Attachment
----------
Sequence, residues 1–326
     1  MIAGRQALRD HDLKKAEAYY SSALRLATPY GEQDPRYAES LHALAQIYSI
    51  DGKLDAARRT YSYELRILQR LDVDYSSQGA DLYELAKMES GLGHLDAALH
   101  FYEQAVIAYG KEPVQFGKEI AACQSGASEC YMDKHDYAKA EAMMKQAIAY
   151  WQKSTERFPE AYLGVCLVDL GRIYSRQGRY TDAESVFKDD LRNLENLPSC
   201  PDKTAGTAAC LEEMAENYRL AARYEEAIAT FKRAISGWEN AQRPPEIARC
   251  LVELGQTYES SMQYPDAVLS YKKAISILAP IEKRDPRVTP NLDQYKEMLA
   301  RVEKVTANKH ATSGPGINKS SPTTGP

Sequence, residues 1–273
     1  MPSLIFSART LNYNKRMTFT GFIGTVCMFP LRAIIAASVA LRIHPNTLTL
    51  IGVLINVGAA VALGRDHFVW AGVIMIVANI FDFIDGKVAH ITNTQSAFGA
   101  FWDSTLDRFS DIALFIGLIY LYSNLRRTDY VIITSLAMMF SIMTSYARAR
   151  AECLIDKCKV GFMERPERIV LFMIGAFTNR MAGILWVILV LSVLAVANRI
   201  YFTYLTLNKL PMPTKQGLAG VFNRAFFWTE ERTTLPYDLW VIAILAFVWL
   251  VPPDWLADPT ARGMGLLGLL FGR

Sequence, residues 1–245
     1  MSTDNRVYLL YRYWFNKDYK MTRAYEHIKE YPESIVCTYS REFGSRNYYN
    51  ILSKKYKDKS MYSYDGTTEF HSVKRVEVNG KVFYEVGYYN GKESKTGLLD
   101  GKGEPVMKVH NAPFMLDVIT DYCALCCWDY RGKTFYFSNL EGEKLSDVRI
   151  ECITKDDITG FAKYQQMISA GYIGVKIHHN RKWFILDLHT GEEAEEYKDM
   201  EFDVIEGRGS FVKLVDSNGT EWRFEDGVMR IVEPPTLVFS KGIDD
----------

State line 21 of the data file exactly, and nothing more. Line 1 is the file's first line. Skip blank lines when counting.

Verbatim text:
   201  EFDVIEGRGS FVKLVDSNGT EWRFEDGVMR IVEPPTLVFS KGIDD